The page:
Did a few races since the Deer Valley NORBA, Solitude State Champs went ok, finished 3rd behind Alex G and Bart. Did the marathon race in Breckenridge, which was a ton of fun. I found out that I can do a 4 hour race and actually feel good doing it. I think I'll start doing more of those long races, they seem to fit my riding style. We also got our new Mona-Vie outfits, one green, one purple, I like them except I found out purple makes me look fat(or maybe I am). Check out Fox's website to see a picture of some of the Mona-Vie riders.

This past Saturday I went to Snowbird for the annual Mountain Bout. After a small technical mishap I was able to come from behind to finish 2nd behind Alex Grant, he really is on fire right now. Everybody seemed to be bitchy about the Snowbird course, but I have to say I kind of like it. I like the shorter loops and the DH was actually fun, I thought. Fast corners with some drifting action, what's wrong with that?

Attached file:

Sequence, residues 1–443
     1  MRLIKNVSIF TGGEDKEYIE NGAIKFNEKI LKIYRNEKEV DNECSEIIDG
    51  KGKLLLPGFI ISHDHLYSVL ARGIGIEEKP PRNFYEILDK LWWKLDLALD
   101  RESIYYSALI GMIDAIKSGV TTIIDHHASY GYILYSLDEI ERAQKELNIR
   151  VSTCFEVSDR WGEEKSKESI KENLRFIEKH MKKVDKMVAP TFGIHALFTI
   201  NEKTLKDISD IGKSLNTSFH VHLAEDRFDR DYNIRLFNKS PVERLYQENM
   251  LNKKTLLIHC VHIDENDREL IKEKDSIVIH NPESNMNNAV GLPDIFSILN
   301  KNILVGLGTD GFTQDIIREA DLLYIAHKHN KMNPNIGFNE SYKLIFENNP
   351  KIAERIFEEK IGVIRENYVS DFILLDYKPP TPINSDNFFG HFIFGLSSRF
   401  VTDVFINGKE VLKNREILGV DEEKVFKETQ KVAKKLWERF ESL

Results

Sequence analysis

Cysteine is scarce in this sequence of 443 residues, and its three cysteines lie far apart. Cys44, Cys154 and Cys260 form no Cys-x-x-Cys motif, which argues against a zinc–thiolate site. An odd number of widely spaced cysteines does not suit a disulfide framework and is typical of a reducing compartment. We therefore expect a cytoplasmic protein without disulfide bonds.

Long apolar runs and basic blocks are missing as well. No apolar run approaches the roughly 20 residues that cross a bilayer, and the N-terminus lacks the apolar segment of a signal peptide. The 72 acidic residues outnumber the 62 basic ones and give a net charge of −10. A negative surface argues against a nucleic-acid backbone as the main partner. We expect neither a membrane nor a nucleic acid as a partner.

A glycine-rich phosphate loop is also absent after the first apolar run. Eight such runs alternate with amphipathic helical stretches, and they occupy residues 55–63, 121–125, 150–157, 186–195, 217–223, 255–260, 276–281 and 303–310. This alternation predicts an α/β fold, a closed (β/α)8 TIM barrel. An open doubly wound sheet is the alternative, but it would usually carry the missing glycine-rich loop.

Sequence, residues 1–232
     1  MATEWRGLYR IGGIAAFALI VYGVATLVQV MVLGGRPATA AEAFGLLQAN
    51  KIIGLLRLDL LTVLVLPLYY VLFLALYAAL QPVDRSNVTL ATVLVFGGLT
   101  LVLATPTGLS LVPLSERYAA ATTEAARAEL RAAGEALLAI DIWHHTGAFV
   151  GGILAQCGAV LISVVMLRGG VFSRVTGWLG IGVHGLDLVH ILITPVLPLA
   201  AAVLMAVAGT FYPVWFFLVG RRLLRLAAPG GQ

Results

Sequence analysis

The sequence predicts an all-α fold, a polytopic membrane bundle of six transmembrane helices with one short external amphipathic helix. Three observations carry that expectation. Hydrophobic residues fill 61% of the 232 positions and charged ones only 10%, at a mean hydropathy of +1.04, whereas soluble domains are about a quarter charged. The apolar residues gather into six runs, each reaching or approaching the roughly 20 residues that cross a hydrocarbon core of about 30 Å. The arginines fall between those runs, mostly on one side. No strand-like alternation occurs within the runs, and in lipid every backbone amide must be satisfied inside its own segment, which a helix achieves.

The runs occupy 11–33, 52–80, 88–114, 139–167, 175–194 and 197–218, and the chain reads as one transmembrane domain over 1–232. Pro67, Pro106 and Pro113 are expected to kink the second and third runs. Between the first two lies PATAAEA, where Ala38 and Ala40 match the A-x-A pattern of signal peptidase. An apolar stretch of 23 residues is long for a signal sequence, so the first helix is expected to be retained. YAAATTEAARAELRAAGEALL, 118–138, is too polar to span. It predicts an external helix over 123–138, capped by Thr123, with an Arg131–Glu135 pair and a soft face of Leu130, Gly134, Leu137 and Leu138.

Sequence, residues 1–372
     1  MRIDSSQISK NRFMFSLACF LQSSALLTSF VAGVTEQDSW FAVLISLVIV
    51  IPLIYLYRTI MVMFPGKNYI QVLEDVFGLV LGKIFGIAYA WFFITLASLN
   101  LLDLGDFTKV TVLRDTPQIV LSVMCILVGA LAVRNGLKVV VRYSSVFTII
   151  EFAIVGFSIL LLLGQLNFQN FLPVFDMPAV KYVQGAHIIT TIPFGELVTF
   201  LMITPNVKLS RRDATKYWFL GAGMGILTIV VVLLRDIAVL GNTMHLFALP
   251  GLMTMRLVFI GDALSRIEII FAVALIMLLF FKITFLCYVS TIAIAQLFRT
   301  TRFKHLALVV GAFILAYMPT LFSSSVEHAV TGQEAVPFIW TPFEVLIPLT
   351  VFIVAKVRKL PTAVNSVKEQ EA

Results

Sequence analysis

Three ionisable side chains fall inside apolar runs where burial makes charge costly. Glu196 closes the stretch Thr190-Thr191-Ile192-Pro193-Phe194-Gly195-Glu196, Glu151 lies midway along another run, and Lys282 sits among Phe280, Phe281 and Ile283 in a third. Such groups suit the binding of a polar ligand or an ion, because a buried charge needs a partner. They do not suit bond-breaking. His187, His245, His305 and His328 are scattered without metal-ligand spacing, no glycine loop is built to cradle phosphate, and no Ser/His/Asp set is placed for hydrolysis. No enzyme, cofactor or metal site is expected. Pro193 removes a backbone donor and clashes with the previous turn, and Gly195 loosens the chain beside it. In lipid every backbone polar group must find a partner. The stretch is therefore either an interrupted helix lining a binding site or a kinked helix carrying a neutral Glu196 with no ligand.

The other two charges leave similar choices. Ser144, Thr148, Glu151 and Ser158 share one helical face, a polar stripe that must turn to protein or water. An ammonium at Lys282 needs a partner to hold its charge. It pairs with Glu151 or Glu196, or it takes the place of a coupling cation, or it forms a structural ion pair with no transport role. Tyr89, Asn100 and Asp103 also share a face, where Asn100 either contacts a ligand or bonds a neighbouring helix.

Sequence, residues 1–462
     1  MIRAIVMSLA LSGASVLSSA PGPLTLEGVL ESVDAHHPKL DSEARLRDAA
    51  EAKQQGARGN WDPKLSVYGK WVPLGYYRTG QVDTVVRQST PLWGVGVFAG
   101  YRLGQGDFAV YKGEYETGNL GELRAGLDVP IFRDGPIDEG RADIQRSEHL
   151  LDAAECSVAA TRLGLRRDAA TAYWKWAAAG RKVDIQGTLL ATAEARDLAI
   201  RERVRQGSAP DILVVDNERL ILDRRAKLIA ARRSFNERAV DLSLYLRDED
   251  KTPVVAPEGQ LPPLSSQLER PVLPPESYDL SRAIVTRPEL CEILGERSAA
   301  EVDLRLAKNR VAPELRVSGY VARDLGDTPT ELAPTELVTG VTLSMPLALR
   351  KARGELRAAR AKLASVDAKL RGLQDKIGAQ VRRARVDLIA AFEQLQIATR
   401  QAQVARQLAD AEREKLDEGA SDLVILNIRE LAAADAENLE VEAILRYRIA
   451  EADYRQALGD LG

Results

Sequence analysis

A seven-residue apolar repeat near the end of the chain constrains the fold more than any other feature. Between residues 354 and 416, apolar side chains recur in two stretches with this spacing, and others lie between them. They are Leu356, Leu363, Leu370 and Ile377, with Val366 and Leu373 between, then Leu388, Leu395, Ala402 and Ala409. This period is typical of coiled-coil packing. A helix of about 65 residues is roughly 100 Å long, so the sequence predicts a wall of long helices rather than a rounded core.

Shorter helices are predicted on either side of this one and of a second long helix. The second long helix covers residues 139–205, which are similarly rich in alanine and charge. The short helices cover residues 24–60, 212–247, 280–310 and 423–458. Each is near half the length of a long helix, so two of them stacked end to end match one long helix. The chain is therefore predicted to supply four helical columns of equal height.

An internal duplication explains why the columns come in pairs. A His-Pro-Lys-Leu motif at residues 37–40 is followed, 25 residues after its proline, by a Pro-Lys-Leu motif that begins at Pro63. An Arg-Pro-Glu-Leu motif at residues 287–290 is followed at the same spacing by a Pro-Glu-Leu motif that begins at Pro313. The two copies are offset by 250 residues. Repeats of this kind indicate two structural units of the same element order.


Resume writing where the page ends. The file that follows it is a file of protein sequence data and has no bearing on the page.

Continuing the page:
I was asking some guys after the race for some nutritional advice for the Breckenridge 100 which I'll be doing this weekend. I've never ridden a bike for more than 5 hours and am curious what I can eat during a 9-10 hour race. Maybe not so much what I can eat, but more what I can digest. I got some interesting info from Bart and Alex, see how it's going to work.

Bart, Jason and a bunch of other guys will be going to the Nationals this coming weekend, I am jelous that I can't go. I love the Mt. Snow course, certainly one of my favorites, too bad they won't let foreigners race at Nationals. Mt. Snow was the 1st mtb race I ever did, I remember lighting up a cigarette in the parking lot, I was still smoking back then.

The mountain bike season is almost done, I don't feel burned out at all. I guess my training has been kind of whacky this year, I still feel superfresh at least mentally. I am playing around with the thought of doing the X Terra in Ogden in August. I think the riding and running part wouldn't be a problem, the swim section might be a different story. I have no clue about the freestyle technique, maybe I'll just do the chest stroke, might be a little embarrassing, though. We'll see.